How Aggregate Tables Are Populated With Data

After an aggregate table is defined, an instance of it needs to be created. An instance is an actual table that contains the aggregated data. The process of creating an instance of an aggregate table and populating it is referred to as a build of the table.


Consider that for an aggregate instance to be built there should be an aggregate definition for it. An aggregate instance can be built and used only after the corresponding System-Defined or User-Defined aggregate table definition is created. If you want to see what definitions you have in AtScale you can check the Definitions tab in the Aggregate monitor.

For more information about how aggregates are defined, built, and used, see About Aggregates, Aggregate Definitions and Aggregate Instances, Life Cycle of Aggregate Tables, and Defining Aggregates Yourself.

Updating aggregate tables

Aggregate-table instances become outdated as a cluster ingests new data and existing data is updated. There are three actions that the engine can take to bring aggregate tables up-to-date.

  • Supersede the current instance of an aggregate table with an entirely new instance. The new instance includes more recent data and uses the existing definition for the aggregate table. This is called a full rebuild of an aggregate table.

    The previous instance stays in place as a backup in case the building of the new instance fails. Queries continue to use the previous instance until the new instance is ready.

    The AtScale engine rebuilds aggregate instances by querying the fact tables and dimensions that the definitions of those aggregates are based on. However, if the engine setting AGGREGATES.CREATE.BUILDFROMEXISTING.ENABLED is set to True and the engine decides that an aggregate instance A can be rebuilt from data that is in the rebuilt instance B of a different aggregate table, then the engine runs a query on B to populate A. Such a query generally runs much faster than a query on fact tables and dimensions. When rebuilds are triggered for all of the aggregate tables for a cube, the AtScale engine determines which aggregates could be built from other aggregates. The latter are given higher priority in the order of the rebuilds, so that the former can be rebuilt from them.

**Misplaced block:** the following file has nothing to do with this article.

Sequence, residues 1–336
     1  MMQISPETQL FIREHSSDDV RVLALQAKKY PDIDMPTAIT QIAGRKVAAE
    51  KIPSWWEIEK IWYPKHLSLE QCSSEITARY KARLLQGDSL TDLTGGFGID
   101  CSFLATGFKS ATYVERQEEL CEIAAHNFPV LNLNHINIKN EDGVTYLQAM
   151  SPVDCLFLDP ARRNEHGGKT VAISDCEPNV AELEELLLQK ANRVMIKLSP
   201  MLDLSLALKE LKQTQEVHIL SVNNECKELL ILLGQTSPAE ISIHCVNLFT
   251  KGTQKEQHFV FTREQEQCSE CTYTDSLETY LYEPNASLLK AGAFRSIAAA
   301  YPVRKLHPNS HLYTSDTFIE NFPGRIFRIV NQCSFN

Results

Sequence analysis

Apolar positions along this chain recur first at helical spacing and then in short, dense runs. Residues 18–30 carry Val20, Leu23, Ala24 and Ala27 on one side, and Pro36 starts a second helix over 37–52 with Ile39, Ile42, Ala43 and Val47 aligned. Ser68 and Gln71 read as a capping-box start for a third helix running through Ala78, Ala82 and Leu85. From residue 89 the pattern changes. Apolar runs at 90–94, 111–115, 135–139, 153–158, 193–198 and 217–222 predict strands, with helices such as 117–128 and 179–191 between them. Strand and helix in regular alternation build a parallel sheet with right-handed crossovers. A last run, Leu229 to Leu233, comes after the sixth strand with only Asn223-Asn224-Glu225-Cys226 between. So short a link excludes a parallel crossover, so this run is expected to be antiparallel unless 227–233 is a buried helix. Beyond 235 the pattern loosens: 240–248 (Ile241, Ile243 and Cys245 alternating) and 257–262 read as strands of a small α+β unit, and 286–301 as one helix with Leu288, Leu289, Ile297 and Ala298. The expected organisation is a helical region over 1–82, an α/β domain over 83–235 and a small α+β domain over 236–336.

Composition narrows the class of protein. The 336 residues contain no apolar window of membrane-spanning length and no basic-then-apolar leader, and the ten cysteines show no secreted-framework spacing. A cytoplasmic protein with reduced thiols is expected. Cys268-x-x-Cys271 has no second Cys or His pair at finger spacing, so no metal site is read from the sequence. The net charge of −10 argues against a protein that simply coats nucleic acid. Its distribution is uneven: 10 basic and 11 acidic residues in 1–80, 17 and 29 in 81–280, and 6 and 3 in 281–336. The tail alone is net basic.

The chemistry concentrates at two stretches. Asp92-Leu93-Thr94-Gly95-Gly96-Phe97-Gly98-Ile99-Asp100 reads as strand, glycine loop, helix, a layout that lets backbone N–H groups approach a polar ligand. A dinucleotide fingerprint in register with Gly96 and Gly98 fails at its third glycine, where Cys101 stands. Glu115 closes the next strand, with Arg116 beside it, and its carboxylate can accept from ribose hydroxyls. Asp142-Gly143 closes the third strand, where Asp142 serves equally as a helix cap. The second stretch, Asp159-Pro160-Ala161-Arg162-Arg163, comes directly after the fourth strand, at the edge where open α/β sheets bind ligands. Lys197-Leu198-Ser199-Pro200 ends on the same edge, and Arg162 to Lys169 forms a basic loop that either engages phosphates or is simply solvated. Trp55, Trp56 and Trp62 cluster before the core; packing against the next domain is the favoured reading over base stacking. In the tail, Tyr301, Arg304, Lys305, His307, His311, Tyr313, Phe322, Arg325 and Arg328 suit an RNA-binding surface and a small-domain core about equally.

Instances of incremental aggregates are not rebuilt from the data that is in instances of other aggregate tables.

  • Stop using the current system definition for an aggregate table and create no new instance of the table. Instead, create an instance of a newly defined aggregate table that supersedes the previous definition. The new instance includes the most recent data.

  • Supersede the current instance of an aggregate table by a) duplicating that instance, and then b) updating the rows in the duplicate and appending new rows to it. This is called incremental rebuild of an aggregate table. For more details about this type or rebuild, see About Incremental Rebuilds.

By default, all of the aggregate tables for a cube are refreshed with full rebuilds. In the AtScale Design Center, you can set a flag on a cube's fact dataset that causes all rebuilds to be incremental rebuilds. If your cube has more than one fact dataset, the aggregate tables will be built incrementally only for those fact datasets on which the flag is set.

Aggregate-table instances are not built or rebuilt individually. Rather, all aggregate-table instances for a cube are built or rebuilt together in a batch-build process. A process builds or rebuilds one aggregate at a time in succession. You can use engine settings to influence the order in which aggregate instances are processed.

How Batch-Build Processes For Cubes Are Started

Many companies have ETL (extract, transform, load) jobs that they routinely run to cleanse raw data and load it into a data warehouse. Before it ends, a job can call one of AtScale's REST APIs to trigger a build process. Alternatively, if a job is configured to write to a log file when it finishes, you can have AtScale monitor a path in a distributed file system (in a path in a bucket, if your data warehouse is Google BigQuery; in HDFS, if your data warehouse is Hadoop) for this signal that the job is complete. AtScale can then start a build process.

If no routine ETL job runs on your cluster or you do not want to wait for a routine job to run, you can click a button in the AtScale Design Center to start a build process.

Automatic restarts of interrupted batch-build processes

As an aggregate instance for a cube is built for the first time or rebuilt, the build process assigns it a status. If a build process is interrupted by the AtScale engine stopping, restarting the engine restarts the build process automatically. The status of an aggregate instance at the time of the interruption determines what the process does with that instance when the process restarts.

  • If the status of an instance is New, the instance has not yet been created and the process creates it.
  • If the status of an instance is In Progress, the process restarts work on the instance.
  • If the status of an instance is Done, the process ignores the instance.
  • If the status of an instance is Failed, the process attempts again to create the instance, if the value of the engine setting AGGREGATES.BATCH.RETRY.MAXATTEMPTSPERAGGREGATE has not yet been reached for that instance.

If the build process completes successfully, the status of all aggregate instances that the process created is set to Active.